We’ve all heard, “freedom isn’t free.” I certainly grew up hearing that phrase in my hometown—a Midwestern, red-blooded farming community in Illinois. Even as a child, I understood that for me to experience the freedom I had in my life, someone, somewhere had to make a sacrifice.
I’m grateful I grew up in a patriotic community, but even that upbringing did little to prepare me for the reality of what serving in the military would look like. I joined up at 20 years old with no idea what I was getting into. Really, all I can tell you is I joined the US Navy because I wanted to marry my fiancé Stephanie, and I figured I had to have a job to get married! That, and my grandfather, a Navy vet himself, always said, “In the Navy, you’ll always have three hots and a cot,” meaning, you’ll always have three hot meals and a place to lay your head down at night.
But there’s more to life than “3 hots and a cot.” Military couples have emotional, spiritual, and relational needs the same as our neighbors next door—plus some additional challenges. According to a 2018 study, 48 percent of military members and families feel they don’t belong in their local community. Why? Because military families move so often, they tend to have trouble establishing a support structure.
It can be too easy to take for granted that if you have a need, you’ve got somebody nearby to help. When you need a date night, you drop the kids off at the grandparents. When hard times come, family and friends gather in your living room to listen and figure things out. When the kids have a school play, family members are there to cheer them on. After all, it takes a village, right?
You get the picture; military life is often lonely, a bit isolated. But, it doesn’t have to be. Sometimes we all just need a little nudge toward community.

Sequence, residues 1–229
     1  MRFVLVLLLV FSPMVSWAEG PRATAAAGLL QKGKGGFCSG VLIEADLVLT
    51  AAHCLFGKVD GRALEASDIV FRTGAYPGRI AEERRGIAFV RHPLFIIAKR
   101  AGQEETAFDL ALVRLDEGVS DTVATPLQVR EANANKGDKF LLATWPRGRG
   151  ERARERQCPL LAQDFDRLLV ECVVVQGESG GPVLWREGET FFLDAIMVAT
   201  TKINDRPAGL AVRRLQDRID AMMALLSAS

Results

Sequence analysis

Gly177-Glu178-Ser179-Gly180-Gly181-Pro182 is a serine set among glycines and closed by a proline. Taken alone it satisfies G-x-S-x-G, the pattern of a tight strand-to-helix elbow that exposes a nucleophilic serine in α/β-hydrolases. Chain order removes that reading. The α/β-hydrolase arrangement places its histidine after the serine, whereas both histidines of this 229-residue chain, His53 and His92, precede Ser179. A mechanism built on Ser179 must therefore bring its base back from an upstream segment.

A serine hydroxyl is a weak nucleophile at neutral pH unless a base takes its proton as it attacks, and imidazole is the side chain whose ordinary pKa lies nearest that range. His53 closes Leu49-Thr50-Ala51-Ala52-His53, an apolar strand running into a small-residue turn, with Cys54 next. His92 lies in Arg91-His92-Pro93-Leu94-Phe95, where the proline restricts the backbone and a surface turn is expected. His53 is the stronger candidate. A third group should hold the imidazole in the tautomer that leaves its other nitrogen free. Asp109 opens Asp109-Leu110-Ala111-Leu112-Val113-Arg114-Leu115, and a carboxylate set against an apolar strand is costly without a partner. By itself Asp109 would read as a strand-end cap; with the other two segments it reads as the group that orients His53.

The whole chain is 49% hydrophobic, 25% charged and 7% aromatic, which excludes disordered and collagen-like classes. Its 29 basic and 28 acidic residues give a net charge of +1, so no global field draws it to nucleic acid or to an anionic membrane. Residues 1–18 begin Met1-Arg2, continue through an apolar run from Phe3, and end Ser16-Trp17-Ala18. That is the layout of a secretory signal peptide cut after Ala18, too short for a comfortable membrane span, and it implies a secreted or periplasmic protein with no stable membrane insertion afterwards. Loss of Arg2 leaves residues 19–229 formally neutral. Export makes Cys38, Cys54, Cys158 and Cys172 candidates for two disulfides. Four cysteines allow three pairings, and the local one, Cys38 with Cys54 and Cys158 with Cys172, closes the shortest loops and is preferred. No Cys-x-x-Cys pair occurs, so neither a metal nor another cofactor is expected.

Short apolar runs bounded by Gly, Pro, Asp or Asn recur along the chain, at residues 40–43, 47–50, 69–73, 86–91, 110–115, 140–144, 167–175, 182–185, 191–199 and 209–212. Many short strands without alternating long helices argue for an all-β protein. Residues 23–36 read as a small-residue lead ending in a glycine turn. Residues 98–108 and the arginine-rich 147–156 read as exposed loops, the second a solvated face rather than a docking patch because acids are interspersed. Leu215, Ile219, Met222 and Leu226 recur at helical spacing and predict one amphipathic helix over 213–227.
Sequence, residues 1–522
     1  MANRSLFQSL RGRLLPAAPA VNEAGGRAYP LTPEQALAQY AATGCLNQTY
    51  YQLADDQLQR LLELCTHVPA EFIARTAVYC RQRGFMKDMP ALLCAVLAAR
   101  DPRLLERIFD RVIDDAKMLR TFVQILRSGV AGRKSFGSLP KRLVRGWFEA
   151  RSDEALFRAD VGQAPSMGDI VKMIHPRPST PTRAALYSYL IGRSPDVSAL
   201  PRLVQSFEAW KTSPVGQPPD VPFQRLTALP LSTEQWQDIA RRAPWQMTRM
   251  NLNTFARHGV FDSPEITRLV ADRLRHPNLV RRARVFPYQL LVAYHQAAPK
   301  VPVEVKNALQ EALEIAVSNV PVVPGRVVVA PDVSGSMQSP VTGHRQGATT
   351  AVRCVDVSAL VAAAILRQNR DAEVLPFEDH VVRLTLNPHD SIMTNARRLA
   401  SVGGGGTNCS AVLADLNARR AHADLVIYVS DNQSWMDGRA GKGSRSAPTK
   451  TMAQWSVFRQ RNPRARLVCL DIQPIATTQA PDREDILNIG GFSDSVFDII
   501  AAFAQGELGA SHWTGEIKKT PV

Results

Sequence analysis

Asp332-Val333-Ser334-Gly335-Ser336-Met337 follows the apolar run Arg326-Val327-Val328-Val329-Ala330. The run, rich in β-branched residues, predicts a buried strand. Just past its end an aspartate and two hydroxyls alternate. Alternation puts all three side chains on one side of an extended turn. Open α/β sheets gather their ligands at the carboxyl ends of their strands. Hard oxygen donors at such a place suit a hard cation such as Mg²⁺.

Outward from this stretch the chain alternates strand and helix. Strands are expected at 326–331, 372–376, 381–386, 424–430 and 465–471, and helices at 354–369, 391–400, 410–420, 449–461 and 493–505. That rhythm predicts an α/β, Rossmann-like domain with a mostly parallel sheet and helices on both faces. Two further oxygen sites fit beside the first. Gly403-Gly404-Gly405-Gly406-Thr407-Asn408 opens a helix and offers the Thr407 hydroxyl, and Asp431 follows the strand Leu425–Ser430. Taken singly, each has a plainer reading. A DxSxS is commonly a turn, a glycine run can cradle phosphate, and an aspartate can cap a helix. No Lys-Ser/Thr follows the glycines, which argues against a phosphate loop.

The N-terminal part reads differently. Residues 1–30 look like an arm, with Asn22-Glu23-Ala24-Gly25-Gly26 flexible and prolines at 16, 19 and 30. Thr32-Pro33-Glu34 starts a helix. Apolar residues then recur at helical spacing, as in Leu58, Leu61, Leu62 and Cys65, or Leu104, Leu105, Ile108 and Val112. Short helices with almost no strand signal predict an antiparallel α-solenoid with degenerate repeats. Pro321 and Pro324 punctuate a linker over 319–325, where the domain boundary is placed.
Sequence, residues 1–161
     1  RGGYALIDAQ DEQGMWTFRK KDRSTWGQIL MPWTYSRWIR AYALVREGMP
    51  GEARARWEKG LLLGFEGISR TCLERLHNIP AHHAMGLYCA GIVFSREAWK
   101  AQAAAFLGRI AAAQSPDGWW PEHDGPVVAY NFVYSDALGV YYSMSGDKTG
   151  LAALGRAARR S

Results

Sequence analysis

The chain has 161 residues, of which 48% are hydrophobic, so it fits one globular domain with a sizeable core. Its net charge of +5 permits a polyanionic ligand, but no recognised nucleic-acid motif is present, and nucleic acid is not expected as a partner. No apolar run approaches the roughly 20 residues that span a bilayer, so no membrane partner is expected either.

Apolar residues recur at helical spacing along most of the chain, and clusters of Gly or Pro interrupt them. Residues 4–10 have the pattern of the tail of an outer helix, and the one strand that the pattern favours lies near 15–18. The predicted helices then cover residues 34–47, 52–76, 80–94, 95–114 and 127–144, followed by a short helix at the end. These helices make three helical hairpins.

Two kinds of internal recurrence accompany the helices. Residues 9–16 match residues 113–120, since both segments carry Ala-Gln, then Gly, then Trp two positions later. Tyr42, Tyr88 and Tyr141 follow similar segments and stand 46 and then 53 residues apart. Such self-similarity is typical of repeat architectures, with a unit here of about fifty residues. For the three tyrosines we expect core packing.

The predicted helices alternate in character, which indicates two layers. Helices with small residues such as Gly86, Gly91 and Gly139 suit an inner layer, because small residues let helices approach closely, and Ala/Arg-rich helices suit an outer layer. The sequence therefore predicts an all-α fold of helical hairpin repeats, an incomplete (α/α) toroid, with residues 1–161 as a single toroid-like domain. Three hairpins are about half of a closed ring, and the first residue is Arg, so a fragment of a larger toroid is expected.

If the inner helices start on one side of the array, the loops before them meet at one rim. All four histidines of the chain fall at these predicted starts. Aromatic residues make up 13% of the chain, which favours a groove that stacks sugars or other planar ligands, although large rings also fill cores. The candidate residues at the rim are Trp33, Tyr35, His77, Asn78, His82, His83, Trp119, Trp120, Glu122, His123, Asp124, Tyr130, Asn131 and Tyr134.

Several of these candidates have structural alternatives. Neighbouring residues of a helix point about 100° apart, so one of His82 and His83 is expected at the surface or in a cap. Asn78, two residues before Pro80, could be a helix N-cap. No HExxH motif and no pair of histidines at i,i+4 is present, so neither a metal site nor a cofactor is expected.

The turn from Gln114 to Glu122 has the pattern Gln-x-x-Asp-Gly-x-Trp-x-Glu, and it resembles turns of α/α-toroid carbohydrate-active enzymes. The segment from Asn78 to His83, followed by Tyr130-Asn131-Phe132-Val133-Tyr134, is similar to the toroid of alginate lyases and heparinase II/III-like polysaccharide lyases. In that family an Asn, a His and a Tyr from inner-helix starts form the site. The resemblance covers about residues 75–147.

For us, the nudge came in the form of an invitation. After basic training, I was shipped off to the Naval Weapons Station in Goose Creek, South Carolina, for naval nuclear training. The catch: my new bride was stuck back in Illinois. That’s when I met Kat, who worked at the Personnel Support Detachment. My wife and I didn’t know it at the time, but Kat would change our lives.
Kat was assigned to help us get moved down to the Charleston area—and that she did—plus so much more. Have you ever had that feeling when you met someone that you shared something in common? Well Kat had that sense, and she asked me directly if I was a Christian. Learning I was, she wasted no time in inviting me to church. But, here’s the thing: Kat had a fairly thick accent, and I was convinced I had been invited to SeaGHOST Church. I thought, “Boy, if they put ghost in the name, it might be a little too out there for me!” So, I said, “Maybe when we get back from Illinois.”
But Kat wasn’t one to take ‘no’ or ‘maybe’ for an answer, and eventually we decided to go. I remember driving down Long Point Road for the first time and spotting the sign for SeaCOAST Church. What a relief!
“A simple invitation changed everything.”
As a young, bright eyed, but scared couple, we found a vibrant community of people who welcomed us into their lives. We joined a newlywed small group and began serving at Seacoast.
Because of Kat’s invitation, we found that although we were far from home, it didn’t have to feel that way.
Because of Kat’s invitation, our first priority when moving to any new duty station changed to finding a church that would make a new place feel like home.
Because of Kat’s invitation, we’re back in South Carolina, after several deployments, serving in full-time ministry at Seacoast.
A simple invitation changed everything.
Military families want to feel they’ve found a home. They want to be invited to dinner. They want to go to your school plays. They want to be in your small group. The question is: will we give them the nudge, offer them the chance to accept an invitation?
- Invite a military member or a military couple to your small group.
- If a military spouse is deployed, consider what you can do to support his or her family back home.